Obesity is an health disorder caused by excessive weight gain. Obesity is a function of environmental (diet, exercise, lifestyle, etc.), hormonal, and inherited (genetic) factors in varying degrees.
Obesity is generally caused by eating too much and moving too little. If you consume high amounts of energy, particularly fat and sugars, but don’t burn off the energy through exercise and physical activity, much of the surplus energy will be stored by the body as fat.
Obesity means having too much body fat. It is different from being overweight, which means weighing too much. The weight may come from muscle, bone, fat, and/or body water. Both terms mean that a person’s weight is greater than what’s considered healthy for his or her height.
Obesity happens over time when you eat more calories than you use. The balance between calories-in and calories-out differs for each person. Factors that might affect your weight include your genetic makeup, overeating, eating high-fat foods, and not being physically active.
Obesity increases your risk of diabetes, heart disease, stroke, arthritis, and some cancers. If you have obesity, losing even 5 to 10 percent of your weight can delay or prevent some of these diseases. For example, that means losing 10 to 20 pounds if you weigh 200 pounds.
RISKS OF OBESITY
It’s very important to take steps to tackle obesity because, as well as causing obvious physical changes, it can lead to a number of serious and potentially life-threatening conditions, such as:
TYPE 2 DIABETES
Coronary heart disease some types of cancer, such as breast cancer and bowel cancerstroke
Obesity can also affect your quality of life and lead to psychological problems, such as depression and low self-esteem (see below for more information about the health problems associated with obesity).
CAUSES OF OBESITY
Obesity is generally caused by consuming more calories – particularly those in fatty and sugary foods – than you burn off through physical activity. The excess energy is stored by the body as fat.
Obesity is an increasingly common problem because for many people modern living involves eating excessive amounts of cheap, high-calorie food and spending a lot of time sitting down, at desks, on sofas or in cars.
The best way to treat obesity is to eat a healthy, reduced-calorie diet and exercise regularly. To do this you should: eat a balanced, calorie-controlled diet as recommended by your GP or weight loss management health professional (such as a dietitian)
JOIN A LOCAL WEIGHT LOSS GROUP
Take up activities such as fast walking, jogging, swimming or tennis for 150 to 300 minutes (two-and-a-half to five hours) a week eat slowly and avoid situations where you know you could be tempted to over eat
You may also benefit from receiving psychological support from a trained healthcare professional to help change the way you think about food and eating.
If lifestyle changes alone don’t help you lose weight, a medication called orlistat may be recommended. If taken correctly, this medication works by reducing the amount of fat you absorb during digestion. Your GP will know whether orlistat is suitable for you. In rare cases, weight loss surgery may be recommended.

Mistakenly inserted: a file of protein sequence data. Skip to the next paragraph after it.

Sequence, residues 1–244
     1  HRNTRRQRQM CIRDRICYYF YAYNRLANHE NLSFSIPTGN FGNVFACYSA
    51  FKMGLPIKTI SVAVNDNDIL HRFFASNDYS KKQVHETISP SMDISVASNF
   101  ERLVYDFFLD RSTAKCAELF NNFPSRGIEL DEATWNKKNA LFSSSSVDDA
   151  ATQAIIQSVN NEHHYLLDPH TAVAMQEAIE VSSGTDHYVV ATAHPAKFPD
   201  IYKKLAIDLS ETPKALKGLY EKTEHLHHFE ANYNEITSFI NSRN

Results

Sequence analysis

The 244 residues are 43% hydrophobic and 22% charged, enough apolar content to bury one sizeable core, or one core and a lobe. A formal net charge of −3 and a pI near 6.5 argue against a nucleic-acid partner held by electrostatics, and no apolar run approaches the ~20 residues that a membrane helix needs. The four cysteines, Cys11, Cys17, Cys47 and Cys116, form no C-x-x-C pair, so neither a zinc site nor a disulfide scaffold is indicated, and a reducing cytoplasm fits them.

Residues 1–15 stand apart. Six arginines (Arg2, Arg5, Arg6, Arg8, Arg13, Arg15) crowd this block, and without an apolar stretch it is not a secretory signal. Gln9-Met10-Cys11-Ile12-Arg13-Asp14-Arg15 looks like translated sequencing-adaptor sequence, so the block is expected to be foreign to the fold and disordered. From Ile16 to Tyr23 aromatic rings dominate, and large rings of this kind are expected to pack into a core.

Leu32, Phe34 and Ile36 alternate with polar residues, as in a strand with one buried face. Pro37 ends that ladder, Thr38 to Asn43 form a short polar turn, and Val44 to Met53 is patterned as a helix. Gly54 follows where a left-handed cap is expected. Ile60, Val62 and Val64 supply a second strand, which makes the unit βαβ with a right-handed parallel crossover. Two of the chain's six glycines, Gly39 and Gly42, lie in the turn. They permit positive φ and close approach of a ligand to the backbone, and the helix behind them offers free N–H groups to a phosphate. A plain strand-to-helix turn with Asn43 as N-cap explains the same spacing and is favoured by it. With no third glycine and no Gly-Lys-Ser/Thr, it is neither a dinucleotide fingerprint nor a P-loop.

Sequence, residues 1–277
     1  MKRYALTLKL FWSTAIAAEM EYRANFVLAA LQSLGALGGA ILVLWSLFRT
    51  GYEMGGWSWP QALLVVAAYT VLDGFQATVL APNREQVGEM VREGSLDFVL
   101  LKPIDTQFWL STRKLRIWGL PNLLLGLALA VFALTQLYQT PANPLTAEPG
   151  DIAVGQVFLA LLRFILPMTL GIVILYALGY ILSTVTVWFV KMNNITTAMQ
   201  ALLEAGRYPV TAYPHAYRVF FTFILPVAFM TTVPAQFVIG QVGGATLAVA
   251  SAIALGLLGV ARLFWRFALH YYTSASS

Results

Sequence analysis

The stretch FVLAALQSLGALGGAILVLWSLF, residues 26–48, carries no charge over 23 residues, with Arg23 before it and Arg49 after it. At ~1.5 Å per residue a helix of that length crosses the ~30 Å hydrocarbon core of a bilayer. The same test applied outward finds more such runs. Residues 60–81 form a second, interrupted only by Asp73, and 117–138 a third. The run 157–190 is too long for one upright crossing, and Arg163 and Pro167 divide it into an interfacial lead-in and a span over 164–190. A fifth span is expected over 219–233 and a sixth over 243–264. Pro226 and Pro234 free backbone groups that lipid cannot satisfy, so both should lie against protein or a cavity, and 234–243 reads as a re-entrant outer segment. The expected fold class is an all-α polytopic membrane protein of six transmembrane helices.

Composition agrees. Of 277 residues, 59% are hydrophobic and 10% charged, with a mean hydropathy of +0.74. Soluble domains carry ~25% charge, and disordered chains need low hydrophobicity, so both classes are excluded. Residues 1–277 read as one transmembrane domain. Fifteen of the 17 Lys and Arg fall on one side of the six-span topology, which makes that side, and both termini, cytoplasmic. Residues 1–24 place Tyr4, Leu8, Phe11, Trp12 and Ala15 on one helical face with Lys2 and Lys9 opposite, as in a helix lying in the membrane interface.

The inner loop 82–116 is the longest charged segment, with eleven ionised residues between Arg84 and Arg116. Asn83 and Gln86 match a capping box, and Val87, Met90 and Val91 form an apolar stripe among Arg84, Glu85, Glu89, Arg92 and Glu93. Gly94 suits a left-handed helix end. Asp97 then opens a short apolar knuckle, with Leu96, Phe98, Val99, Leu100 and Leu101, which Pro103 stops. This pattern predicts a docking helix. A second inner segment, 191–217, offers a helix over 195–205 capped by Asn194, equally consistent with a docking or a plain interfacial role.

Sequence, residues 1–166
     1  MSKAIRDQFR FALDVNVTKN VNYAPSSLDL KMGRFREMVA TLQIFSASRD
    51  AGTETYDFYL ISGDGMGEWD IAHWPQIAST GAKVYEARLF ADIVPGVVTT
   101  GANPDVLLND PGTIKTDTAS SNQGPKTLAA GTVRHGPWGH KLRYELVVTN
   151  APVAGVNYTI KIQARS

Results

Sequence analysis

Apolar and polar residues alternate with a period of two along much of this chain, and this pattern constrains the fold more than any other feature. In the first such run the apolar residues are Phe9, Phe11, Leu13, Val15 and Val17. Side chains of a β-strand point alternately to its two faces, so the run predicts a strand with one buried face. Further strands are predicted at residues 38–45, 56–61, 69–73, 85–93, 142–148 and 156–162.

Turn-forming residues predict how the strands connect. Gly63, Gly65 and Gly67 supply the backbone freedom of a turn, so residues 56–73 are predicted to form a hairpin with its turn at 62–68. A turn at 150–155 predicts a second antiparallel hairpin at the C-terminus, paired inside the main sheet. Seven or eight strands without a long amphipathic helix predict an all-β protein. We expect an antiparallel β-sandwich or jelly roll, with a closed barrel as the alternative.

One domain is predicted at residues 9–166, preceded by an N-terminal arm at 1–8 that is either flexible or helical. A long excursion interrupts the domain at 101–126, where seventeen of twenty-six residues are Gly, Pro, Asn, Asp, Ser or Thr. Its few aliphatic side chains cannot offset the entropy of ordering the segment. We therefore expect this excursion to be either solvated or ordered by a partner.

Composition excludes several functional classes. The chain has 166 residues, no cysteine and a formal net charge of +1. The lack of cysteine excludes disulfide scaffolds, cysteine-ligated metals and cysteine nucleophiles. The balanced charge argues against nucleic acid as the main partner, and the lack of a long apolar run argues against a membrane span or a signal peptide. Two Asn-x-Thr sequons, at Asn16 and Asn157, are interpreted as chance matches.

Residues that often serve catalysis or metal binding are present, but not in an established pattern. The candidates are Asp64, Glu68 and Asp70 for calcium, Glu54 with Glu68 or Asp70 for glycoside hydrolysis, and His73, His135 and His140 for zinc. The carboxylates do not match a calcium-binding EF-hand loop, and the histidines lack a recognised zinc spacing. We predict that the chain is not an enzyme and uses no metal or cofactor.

OTHER OBESITY-RELATED PROBLEMS
Obesity can cause a number of further problems, including difficulties with daily activities and serious health conditions. Day-to-day problems related to obesity include: Breathlessness, Increased sweating, Snoring, Difficulty doing physical activity, Often feeling very tired, Joint and back pain, low confidence and self-esteem, feeling isolated
The psychological problems associated with being obese can also affect your relationships with family and friends, and may lead to depression.
SERIOUS HEALTH CONDITIONS
Being obese can also increase your risk of developing many potentially serious health conditions, including: type 2 diabetes – a condition that causes a person’s blood sugar level to become too high high blood pressure high cholesterol and atherosclerosis (where fatty deposits narrow your arteries), which can lead to coronary heart disease and stroke asthma metabolic syndrome – a combination of diabetes, high blood pressure and obesity several types of cancer, including bowel cancer, breast cancer and womb cancer gastro-oesophageal reflux disease (GORD) – where stomach acid leaks out of the stomach and into the oesophagus (gullet) gallstones – small stones, usually made of cholesterol, that form in the gallbladder reduced fertility osteoarthritis – a condition involving pain and stiffness in your joints
sleep apnoea – a condition that causes interrupted breathing during sleep, which can lead to daytime sleepiness with an increased risk of road traffic accidents, as well as a greater risk of diabetes, high blood pressure and heart disease
liver disease and kidney disease
pregnancy complications, such as gestational diabetes or pre-eclampsia (when a woman experiences a potentially dangerous rise in blood pressure during pregnancy)
Obesity reduces life expectancy by an average of 3 to 10 years, depending on how severe it is. It’s estimated that obesity and being overweight contribute to at least 1 in every 13 deaths in Europe.
Source: Additional information from The National Health Service, which is the publicly funded national healthcare system for England and one of the four National Health Services for each constituent country of the United Kingdom. It is the largest single-payer healthcare system in the world.